Cats Edge Out Dogs in the Pet Care Market
Dogs may be man’s best friend, but cats are king when it comes to professional pet-care services, according to new survey data released by Pet Sitters International (PSI). The survey reveals that more professional pet sitting businesses are now offering services for cats than for dogs.
PSI found in its 2018 State of the Industry Survey that 97.3 percent of responding pet sitters offer services for cats, while 96.2 percent offer services for dogs. In 2016, 96.1 percent indicated they serviced dogs and 95.5 percent indicated they serviced cats.
“Because the pet-services industry is often depicted as very dog-focused, new cat owners may wonder who they can rely on for their pet-care needs,” said Beth Stultz-Hairston, PSI’s vice president of marketing and operations. “However, the majority of PSI’s member businesses offer care for both cats and dogs, as well as many other pet types.
“Devoted cat owners have long seen the benefit of hiring professional pet sitters to care for their feline companions while they’re away from home,” she added. “Because professional pet sitters come to clients’ homes, pets’ routines are uninterrupted, exposure to illness is minimized, and they don’t experience the stress of a new environment.”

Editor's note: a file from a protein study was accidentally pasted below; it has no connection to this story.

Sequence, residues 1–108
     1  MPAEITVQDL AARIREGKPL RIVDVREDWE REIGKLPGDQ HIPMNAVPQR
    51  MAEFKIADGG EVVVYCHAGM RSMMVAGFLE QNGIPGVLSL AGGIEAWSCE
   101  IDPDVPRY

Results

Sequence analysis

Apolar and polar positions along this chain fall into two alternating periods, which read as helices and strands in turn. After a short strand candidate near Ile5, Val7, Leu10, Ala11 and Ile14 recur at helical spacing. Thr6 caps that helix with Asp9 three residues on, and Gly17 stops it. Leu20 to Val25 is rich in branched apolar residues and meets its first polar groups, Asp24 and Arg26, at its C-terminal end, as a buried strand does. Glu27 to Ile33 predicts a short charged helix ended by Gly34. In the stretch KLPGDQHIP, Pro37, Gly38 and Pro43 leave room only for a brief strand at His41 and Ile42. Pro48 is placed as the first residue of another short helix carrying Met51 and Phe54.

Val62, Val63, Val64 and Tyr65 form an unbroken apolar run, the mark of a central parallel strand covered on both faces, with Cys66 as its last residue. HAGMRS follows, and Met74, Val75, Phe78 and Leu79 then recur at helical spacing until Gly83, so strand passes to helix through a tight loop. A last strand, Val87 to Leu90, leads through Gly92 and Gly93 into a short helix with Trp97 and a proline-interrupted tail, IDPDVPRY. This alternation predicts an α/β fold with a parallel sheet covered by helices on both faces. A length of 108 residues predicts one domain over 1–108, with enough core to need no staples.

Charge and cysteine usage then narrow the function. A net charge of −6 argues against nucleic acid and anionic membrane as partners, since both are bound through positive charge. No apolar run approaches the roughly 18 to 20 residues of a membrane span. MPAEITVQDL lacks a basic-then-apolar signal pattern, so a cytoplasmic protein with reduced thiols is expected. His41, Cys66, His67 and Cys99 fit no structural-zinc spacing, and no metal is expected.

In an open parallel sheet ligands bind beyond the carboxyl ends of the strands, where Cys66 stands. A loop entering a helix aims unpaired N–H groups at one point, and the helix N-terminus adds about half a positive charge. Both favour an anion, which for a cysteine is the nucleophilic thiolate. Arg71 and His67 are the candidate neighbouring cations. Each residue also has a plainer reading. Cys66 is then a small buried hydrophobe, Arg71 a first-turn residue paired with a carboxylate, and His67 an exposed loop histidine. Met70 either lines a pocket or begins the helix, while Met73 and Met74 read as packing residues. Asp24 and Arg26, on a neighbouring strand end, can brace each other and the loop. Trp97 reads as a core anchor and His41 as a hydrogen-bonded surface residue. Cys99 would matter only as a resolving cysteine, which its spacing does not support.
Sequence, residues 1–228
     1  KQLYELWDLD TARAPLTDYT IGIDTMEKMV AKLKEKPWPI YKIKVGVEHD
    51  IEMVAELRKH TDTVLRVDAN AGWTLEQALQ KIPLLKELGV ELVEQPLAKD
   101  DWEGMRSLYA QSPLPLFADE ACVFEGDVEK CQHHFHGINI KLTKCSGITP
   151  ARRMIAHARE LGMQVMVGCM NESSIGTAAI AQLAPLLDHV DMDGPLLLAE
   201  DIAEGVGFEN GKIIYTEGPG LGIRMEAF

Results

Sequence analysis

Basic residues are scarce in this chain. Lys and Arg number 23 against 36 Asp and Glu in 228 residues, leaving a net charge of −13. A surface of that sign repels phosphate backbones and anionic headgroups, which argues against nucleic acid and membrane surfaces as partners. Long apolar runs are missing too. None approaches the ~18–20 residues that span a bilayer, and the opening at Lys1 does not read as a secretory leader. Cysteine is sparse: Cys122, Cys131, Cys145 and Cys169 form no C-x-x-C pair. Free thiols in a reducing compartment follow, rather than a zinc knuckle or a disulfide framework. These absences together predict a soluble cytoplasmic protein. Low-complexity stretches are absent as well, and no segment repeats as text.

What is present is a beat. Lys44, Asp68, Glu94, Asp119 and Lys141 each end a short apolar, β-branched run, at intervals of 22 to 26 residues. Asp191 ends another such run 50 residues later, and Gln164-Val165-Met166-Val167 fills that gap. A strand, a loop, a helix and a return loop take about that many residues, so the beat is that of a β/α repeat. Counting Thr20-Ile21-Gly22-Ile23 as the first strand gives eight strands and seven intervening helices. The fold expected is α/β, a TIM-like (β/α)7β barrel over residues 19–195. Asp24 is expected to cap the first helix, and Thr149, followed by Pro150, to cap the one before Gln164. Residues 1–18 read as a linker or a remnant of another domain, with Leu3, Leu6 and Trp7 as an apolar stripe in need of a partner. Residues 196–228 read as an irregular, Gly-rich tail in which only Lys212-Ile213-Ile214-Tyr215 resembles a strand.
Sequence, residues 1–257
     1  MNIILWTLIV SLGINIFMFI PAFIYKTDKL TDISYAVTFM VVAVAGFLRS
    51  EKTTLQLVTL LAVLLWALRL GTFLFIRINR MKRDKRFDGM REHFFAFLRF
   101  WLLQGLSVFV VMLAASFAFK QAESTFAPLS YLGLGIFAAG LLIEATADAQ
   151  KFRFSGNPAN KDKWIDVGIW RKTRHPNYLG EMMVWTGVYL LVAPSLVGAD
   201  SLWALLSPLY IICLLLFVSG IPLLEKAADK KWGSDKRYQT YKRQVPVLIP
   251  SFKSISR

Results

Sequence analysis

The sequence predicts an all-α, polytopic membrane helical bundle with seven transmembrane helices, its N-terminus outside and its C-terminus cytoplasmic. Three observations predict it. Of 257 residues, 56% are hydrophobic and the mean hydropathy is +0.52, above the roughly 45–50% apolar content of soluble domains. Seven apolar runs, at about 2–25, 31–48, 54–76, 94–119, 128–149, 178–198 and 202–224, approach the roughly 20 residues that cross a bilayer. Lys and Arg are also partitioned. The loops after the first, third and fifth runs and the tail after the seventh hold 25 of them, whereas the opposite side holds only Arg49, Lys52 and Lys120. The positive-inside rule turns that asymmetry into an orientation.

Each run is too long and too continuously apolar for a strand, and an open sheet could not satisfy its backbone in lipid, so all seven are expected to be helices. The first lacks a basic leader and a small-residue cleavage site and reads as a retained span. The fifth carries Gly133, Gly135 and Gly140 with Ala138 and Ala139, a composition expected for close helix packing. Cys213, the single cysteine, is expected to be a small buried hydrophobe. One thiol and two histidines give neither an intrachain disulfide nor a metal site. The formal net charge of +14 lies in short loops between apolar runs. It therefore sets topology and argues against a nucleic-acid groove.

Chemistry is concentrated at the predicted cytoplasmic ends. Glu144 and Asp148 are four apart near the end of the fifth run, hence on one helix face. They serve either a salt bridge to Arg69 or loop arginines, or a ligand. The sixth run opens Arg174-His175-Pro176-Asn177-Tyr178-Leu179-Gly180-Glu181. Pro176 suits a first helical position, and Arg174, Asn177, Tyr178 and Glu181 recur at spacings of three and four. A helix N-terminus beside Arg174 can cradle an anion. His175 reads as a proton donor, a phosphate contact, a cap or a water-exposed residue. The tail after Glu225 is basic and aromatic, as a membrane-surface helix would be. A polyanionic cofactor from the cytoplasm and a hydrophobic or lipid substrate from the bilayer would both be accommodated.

Stultz-Hairston said there are some professional pet sitters who choose to focus exclusively on cats.
“We’ve seen some long-time pet-sitting business owners transition to cats only, but we also see many newcomers to the industry choosing to make their businesses feline-focused from the beginning,” she said.
PSI conducted its survey exclusively online from Jan. 23 to Feb. 26. More than a quarter (28.1 percent) of the nearly 6,000 member businesses contacted completed the survey.
“We are glad more and more pet owners are recognizing the benefit of securing professional pet-sitting services—whether they need care for their cats or other pets,” said Patti Moran, PSI president. “With the growth of the pet-sitting industry, pet owners are able to leave their pets at home when they travel and do not have to rely on untrained or unwilling friends, family members or neighbors for their care.”